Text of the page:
Faithful live on a wing and prayers
By JOHN BALZ, Times Staff Writer
WESLEY CHAPEL -- For Joey Perea, rock bottom was a Saturday night cocaine and alcohol binge. It was passing out at a party and waking up dazed. It was vomiting in the back of an old pickup, being found by a crying wife and thanking her with a hard shove to the ground.
Perea was 22. Twelve years before, his father swallowed a gun barrel and pulled the trigger. His mother died of breast cancer three years later. In high school Perea was a star wrestler. Now he was just a fighter, a drug-abuser and petty criminal.
Perea says he went home with his wife, Rosa, early Sunday and passed out, again, in her lap. Rosa had begun attending church two weeks before. She woke him up and, grudgingly, he agreed to join her at a service.
"I walked into the church, and that's where I saw people I didn't like," said Perea, who at 37 still possesses a wrestler's stocky body. "And what I mean is there were all these people with smiles. To me, I thought it was fake and phony."
The preacher welcomed the crowd.
"I started thinking about my next line of cocaine and my next case of beer," said Perea. "And just then, God showed up."
He followed what he says was God's advice to, "stop trying, just give up." He spent the next 15 years building youth ministries at churches in Texas, Ohio and Colorado. In January he moved to Florida determined to start his own non-denominational Christian church, House of Prayer, in New Tampa.
"My mindset now is to help people," he said. "My job today is to help the injured spiritual people who are out there and point them toward their destiny."
Perea made the 1,850-mile trek from Aurora, Colo., just outside Denver, where he worked as a youth pastor with the Heritage Christian Center, a "megachurch" with 12,000 members.
Megachurches, one of the most significant developments of American Protestantism over the past 25 years, are designed to attract baby boomers who drive giant SUVs and shop in grocery stores the size of small countries. They follow a conservative Christian theology centered around the Bible, although they are usually not affiliated with mainstream denominations.
The Heritage Christian Center has instituted a number of social service programs. In 1997, it purchased and installed satellite dishes in Colorado prisons, "in order to meet the desperate need for Christian television within the prison walls," according to the church's Web site.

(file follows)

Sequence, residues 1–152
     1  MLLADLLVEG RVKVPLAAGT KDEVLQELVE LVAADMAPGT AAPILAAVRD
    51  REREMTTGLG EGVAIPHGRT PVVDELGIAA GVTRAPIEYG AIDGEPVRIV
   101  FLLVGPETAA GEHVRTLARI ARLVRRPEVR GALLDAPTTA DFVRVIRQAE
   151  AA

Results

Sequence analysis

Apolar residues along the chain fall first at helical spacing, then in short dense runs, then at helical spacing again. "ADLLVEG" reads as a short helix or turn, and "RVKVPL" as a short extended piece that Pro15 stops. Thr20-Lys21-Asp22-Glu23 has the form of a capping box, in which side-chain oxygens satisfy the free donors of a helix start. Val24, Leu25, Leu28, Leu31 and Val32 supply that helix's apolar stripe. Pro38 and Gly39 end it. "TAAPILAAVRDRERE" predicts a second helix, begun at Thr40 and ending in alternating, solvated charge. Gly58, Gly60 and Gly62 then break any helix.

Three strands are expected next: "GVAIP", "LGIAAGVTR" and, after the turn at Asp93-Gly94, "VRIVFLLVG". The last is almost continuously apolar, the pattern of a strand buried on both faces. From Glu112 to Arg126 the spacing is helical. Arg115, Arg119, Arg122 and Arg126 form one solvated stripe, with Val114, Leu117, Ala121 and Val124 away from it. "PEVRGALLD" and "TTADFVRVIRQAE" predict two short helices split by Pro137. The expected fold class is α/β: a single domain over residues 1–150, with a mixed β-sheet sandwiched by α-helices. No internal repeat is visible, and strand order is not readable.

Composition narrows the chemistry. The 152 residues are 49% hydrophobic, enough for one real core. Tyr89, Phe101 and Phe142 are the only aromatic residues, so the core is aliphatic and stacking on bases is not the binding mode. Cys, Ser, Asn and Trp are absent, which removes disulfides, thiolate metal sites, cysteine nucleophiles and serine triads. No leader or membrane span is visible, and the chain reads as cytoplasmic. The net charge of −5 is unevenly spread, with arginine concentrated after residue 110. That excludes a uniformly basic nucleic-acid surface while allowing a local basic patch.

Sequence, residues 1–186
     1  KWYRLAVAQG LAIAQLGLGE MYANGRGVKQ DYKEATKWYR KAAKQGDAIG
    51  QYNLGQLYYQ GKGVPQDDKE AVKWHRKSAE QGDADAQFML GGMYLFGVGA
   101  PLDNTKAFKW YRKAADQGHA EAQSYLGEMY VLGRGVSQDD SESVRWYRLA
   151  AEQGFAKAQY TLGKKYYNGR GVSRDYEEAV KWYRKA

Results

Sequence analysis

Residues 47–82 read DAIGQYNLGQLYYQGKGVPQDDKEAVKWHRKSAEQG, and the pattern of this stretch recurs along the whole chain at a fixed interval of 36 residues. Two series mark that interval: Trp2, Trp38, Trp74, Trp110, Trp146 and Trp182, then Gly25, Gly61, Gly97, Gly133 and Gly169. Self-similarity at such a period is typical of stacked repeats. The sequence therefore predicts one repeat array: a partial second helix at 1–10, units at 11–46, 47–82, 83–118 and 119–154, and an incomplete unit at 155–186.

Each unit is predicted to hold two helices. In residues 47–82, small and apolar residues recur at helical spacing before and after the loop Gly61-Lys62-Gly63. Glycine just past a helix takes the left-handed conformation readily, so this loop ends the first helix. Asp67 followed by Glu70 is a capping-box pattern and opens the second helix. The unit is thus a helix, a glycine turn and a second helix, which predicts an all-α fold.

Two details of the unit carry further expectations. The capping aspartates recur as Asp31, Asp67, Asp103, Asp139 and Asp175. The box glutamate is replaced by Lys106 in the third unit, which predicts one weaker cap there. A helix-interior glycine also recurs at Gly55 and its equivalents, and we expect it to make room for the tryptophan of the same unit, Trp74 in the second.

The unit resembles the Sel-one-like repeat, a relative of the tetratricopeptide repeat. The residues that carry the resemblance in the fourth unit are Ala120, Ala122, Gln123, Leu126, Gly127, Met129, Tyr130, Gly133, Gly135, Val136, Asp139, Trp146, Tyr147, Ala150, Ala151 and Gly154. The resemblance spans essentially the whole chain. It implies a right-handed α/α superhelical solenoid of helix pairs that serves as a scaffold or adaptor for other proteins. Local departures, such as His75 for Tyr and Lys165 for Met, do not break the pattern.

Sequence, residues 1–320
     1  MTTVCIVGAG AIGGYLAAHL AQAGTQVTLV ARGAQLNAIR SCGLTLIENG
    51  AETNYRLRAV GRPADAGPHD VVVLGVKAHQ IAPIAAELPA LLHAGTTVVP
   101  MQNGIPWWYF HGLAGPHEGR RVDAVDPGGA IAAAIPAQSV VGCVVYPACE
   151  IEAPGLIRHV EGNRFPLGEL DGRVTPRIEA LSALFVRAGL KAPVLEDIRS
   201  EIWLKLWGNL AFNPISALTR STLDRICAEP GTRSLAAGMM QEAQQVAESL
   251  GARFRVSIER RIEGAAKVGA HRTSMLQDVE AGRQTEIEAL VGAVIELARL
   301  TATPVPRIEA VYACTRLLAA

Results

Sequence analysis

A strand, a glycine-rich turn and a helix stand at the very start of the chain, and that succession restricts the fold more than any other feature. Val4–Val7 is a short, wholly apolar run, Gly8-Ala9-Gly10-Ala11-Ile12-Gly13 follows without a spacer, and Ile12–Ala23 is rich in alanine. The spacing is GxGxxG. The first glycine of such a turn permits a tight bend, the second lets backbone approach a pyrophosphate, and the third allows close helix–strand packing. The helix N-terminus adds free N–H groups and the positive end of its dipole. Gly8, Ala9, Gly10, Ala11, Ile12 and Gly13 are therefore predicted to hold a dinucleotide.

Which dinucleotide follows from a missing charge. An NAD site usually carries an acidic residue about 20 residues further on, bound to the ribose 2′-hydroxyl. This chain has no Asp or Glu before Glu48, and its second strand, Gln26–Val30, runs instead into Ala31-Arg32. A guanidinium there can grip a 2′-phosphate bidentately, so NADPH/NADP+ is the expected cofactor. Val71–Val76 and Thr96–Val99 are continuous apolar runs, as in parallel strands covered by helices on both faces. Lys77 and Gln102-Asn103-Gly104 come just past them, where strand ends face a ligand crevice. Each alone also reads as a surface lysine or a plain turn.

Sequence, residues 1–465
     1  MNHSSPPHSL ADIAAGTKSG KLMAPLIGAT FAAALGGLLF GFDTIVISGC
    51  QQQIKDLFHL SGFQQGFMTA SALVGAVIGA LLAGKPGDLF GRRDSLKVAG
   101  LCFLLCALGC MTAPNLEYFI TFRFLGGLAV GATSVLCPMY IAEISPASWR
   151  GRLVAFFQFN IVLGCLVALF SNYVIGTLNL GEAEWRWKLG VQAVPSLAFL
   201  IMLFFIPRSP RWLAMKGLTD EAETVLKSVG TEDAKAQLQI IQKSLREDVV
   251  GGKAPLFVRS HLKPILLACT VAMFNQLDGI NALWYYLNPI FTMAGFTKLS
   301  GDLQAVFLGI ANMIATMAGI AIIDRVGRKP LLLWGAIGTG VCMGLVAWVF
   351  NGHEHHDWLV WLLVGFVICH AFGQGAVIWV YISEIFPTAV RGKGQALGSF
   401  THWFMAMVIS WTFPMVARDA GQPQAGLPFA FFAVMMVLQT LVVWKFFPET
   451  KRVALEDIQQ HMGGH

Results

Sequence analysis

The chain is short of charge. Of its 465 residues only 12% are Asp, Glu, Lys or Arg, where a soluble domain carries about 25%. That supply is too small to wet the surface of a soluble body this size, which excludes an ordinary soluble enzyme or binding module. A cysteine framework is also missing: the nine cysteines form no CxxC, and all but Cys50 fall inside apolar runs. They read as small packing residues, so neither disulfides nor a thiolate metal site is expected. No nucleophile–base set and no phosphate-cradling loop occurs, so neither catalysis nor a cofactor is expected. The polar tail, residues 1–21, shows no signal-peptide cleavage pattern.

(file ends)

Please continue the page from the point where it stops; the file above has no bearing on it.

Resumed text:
As part of his job in Colorado, Perea ministered to hardened youth, reaching them with $80,000 light shows, star athletes, and Christian rappers.
But Perea always wanted his own church. He spoke with Heritage's lead bishop, Dennis Leonard, about planting a new chapter. After a scouting trip to Florida, he says God told him Tampa was the place.
Leonard gave Perea some seed money -- six months salary -- and Perea put out an open invitation to Heritage members. For the 28 who accepted his offer, the choice was not easy. They quit their jobs without lining up new positions. They pulled their children out of school in the middle of the year.
Anna Delahaye, whose husband, David, left a position with Allstate Insurance, said the family relied on heavy doses of prayer and faith to reach a decision.
"It was a calling from God," said Mrs. Delahaye, the mother of four children, Joseph, James, Matthew and Timothy. In addition to living off their savings, Delahaye has worked temporarily as a bookkeeper.
For House of Prayer's members, the first month in Florida has been less about religion and more about logistics. They have found apartments and scoured newspaper classifieds. Most remain unemployed.
"We're not following (Perea) as a man, we're following God," said Chuck Murphy, the father of two high-school children who owned a construction company in Denver. "We're going to build a church for God."
House of Prayer isn't well-known yet.
New Tampa and Wesley Chapel have a high turnover of churches because of the high rents, said Jeff Hager, 28, an associate pastor with the First Baptist Church of New Tampa, one of the oldest in the area. The region's population explosion does not guarantee the success, he said.
Undeterred, House of Prayer officially opened its doors to the community last Sunday in Wesley Chapel. In the living room of Perea's home on Richland Street, the 90-minute service often felt like a rhythm and blues concert -- a "holy ghost party" as one song put it -- where the 35 members swayed, clapped and sang along.
On this Sunday, in his sermon, "Dreams really do come true," Perea encouraged members to serve God through the fulfillment of their professional dreams. Become a doctor or schoolteacher, he said, if that is the path God has set you upon.
House of Prayer hopes to move into a New Tampa strip mall by March and eventually build its own church and a congregation of 2,000 as close to Tampa as possible. The goal is a multicultural congregation that will "help mend broken families," said Perea.
He hopes to set up outreach programs in low-income areas. He'll rely on word-of-mouth to reach people across the city and plans on chartering buses to bring them to House of Prayer.
Asked if he thought his urban busing plans might cause friction with his new suburban neighbors, Perea said that it will be a positive experience for everyone.
"When this area takes a look at the changes in these people, they are going to be so blown away," he said.
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